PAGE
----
liver failure
when liver function is inadequate to sustain life; the end-stage of liver dysfunction.
fatty liver
one affected with fatty infiltration.
fatty liver syndrome
see fat cow syndrome.
liver fluke
fasciolahepatica.
liver fluke disease
see hepatic fascioliasis.
liver function
summation of the functions of the liver.
liver function tests
biochemical tests capable of demonstrating that the liver's functions are, or are not, at full capacity. The sulfobromophthalein clearance test is the most commonly used in veterinary medicine.
liver inflammation
inherited liver insufficiency
occurs in several breeds of sheep and is characterized by the appearance of photosensitive dermatitis when the lambs begin to eat green feed. There is an accumulation of phylloerythrin in the blood and other biochemical indications of insufficiency, but the liver is histologically normal. Called also inherited photosensitization.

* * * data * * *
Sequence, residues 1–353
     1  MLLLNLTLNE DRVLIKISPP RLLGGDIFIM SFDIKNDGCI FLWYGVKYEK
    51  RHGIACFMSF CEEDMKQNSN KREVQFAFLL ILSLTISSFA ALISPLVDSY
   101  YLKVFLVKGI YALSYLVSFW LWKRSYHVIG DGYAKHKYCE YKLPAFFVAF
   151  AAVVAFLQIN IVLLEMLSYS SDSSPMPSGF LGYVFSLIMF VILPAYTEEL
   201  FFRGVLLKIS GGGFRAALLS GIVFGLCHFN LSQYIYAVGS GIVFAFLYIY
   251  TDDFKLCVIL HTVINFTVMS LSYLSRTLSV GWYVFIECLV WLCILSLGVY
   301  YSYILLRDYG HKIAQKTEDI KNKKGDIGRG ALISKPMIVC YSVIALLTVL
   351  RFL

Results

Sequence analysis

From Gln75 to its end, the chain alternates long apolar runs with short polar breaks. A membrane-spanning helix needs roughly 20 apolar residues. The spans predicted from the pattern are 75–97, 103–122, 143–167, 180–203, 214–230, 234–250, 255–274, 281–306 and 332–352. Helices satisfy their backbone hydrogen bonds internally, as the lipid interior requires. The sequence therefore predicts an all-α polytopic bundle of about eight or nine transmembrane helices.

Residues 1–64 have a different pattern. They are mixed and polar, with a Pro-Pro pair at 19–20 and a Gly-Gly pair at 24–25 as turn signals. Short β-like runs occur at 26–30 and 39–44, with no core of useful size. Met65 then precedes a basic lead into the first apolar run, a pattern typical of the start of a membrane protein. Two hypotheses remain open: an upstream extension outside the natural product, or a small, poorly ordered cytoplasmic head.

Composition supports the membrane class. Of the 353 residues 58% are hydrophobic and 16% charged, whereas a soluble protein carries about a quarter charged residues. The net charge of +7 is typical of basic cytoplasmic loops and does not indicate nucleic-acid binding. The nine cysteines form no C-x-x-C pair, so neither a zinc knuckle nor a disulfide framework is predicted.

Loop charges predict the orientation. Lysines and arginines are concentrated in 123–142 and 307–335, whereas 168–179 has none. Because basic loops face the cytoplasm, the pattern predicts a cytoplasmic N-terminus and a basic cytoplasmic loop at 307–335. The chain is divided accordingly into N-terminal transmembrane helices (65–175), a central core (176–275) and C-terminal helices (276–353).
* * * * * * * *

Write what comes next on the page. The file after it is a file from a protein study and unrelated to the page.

liver injury
damage to the hepatic parenchyma, possibly by massive trauma, but usually by an hepatic toxin. A common cause of hepatic insufficiency.
liver insufficiency
see liver dysfunction (above).
liver lobe torsion
see liver torsion (below).
liver melanosis
see hepatic lipofuscinosis.
liver meridian points
acupuncture points along the liver meridian.
liver necrobacillosis
a disease characterized by multiple liver abscesses, usually containing Fusobacterium necrophorum and resulting from infection from a chemical rumenitis which originated from carbohydrate engorgement and lactic acid rumenitis.